2. Software. Scriptation is a digital subscription that allows filmmakers to mark up scripts, transfer notes and more. They are having a black Friday sale and this would be a great gift without breaking the bank. Normally you would pay $79.99 annually but with this link you can save $30.
    Visit http://scriptation.com/sale on an iOS device.
  3. Call Sheet Holder. You can’t go wrong with the traditional Gold Fold. This product has been a staple for Assistant Directors for years. Even though I like to use a tablet I still carry my leather Gold Fold because I’m less likely to break it or have it stolen when I’m walking around on set. This is the perfect device to carry call sheets, schedules, sides and write down important notes on the day.
  4. Books.  There are several great reads out there that will inspire and equip that filmmaker you know. Check out the following books:
    Best Seat in the House: An Assistant Director Behind the Scenes of Feature Films
    Running the Show: The Essential Guide to Being a First Assistant Director
    How to Survive On Set: The Production Assistant’s Guidebook
  5. Tablets. The reMarkable and iPad are both great tablets for note taking, meetings and location/tech scouts. I love using the reMarkable for the majority of my notes while the iPad can come in handy when marking up overheads or looking at story boards for the next day’s scenes.
  6. Belt Bags. A Belt Bag might just be the missing device your filmmaker needs while on set. This everywhere bag from Lululemon can hold your phone, keys and you can carry around your waist or over your shoulder.
  7. Walkie Accessories. Who doesn’t need a walkie caddie, Tubeez, or FilmPro Elite Surveillance to spruce up their kit? Use the code BEST50 for everything 50% everything at https://onsetheadsets.com/shop/

Best Film & TV Software Management Apps – Free Webinar

I’m excited to be moderating a fun and interactive live demo on Thursday Nov 17th, 2022 at 1pm PST that will showcase some of the best software companies that support the Film and TV industry. This will be a great opportunity to learn about new and upcoming technical solutions for production.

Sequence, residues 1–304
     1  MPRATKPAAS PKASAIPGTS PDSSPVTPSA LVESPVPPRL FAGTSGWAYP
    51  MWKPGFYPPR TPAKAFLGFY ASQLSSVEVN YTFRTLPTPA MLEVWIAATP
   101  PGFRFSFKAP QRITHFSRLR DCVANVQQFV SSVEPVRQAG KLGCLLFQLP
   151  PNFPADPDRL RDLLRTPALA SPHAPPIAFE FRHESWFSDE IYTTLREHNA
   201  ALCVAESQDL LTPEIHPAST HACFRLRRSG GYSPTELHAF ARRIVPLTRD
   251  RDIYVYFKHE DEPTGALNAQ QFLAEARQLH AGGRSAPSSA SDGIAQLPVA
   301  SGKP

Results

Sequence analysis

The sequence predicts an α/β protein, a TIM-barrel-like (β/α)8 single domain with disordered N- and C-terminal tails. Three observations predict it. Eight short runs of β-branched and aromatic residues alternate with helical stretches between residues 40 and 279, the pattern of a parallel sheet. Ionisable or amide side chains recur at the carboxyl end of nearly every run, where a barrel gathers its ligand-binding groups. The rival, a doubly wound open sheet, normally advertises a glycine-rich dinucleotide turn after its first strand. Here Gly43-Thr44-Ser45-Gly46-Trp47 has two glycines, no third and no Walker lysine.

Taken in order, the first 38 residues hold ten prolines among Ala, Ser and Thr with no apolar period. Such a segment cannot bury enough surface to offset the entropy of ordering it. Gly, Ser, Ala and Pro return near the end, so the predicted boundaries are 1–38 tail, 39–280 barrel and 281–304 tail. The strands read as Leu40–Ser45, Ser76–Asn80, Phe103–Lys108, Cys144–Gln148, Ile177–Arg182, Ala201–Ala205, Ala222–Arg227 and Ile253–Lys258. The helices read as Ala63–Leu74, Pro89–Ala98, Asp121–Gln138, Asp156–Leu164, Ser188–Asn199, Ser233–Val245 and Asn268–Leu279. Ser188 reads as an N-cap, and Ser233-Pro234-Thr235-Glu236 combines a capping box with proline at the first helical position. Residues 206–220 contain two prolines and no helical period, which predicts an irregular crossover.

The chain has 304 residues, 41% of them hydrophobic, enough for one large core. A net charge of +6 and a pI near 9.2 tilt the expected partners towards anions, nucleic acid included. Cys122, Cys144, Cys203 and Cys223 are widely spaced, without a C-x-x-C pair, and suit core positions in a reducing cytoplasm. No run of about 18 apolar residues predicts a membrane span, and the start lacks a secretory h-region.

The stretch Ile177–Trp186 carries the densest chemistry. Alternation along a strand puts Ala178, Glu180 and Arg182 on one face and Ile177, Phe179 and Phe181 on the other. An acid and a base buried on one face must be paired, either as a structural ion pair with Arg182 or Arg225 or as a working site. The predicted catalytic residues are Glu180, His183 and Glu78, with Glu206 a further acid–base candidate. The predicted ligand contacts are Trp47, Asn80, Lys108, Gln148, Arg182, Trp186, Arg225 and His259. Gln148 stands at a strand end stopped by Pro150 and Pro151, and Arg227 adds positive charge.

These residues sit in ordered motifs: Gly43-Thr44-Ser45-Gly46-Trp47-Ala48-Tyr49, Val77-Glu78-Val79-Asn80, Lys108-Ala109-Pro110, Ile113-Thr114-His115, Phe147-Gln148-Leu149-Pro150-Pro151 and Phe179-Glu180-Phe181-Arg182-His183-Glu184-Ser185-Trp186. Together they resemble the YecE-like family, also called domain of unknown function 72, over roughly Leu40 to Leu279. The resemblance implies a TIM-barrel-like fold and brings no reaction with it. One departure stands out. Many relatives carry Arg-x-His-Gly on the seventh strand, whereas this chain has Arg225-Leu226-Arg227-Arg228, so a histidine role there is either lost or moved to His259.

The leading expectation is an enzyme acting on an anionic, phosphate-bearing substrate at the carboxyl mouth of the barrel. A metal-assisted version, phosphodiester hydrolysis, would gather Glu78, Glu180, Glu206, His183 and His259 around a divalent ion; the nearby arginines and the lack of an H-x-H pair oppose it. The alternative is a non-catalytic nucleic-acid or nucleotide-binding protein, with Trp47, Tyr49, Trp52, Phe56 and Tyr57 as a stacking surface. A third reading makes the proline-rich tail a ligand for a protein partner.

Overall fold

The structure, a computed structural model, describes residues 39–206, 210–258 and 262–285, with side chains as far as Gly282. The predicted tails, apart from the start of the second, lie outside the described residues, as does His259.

The Lineup

Setkeeper – Nik Bars / Business Development

Distro, sides, crew onboarding and more..

Scriptation – Laura Noxon / Product Development Manager

Mark up scripts, transfer notes

RABS – Josh Weinberg / Founder

Digital Background Vouchers

Assemble – Nate Watkin / Founder

Calendar & Task List, Asset Management & File Sharing

Conduiit – Shawn Hamilton / Founder

Accounting approval system and workflow

Wraptime – Mirko Urania / Founder

Digital Out Sheets, Crew List & Health Check

When: 

Thursday Nov 17th, 2022
1PM PST | 3PM CST | 4PM EST

*Demo will last 1HR total

Register:

Click HERE

Want to learn to direct?

A former mentor/friend of mine Joth Riggs has recently launched a new course [www.directingyourmovie.com] for those who want to step into Directing.

This course gives you the confidence to handle everything from development to pre-production, production and post production.  Everything you’ll need to Direct Your Movie from Script to Screen.

While some courses on directing gloss over the specifics or only discuss directing “in theory”, this course gets into the nuts and bolts of every step of the directing process.

*You can also check out the Podcast episode I did with Joth a few years ago HERE.

Are you getting “Elk in the barn” when it comes to locations?

Elk in the Barn is a metaphor that is used by my podcast guest John Francis Collins. He’s referring to doing the hard work of getting things done when it comes to locations.  Want to know more…check out the episode!

John Francis Collins is a veteran Location Scout, Manager and ALM who has worked on countless movies and tv shows. A few of the projects that John has worked on include Emancipation, The Expendables, 12 years of slave, one night in Miami, Your Honor and Mississippi grind.

The Calm Before the Storm

You know the feeling. It could be the weekend or the week before prep or the day before shooting. You are about to embark on a new mission that will push you, stretch you, exhaust you and lead you to learn new people and ways of doing things.

The Calm Before the Storm is the idea that you are preparing for battle. The next week or months will not be easy. They could be faced with a number of things….so it’s important to take advantage of this calmness.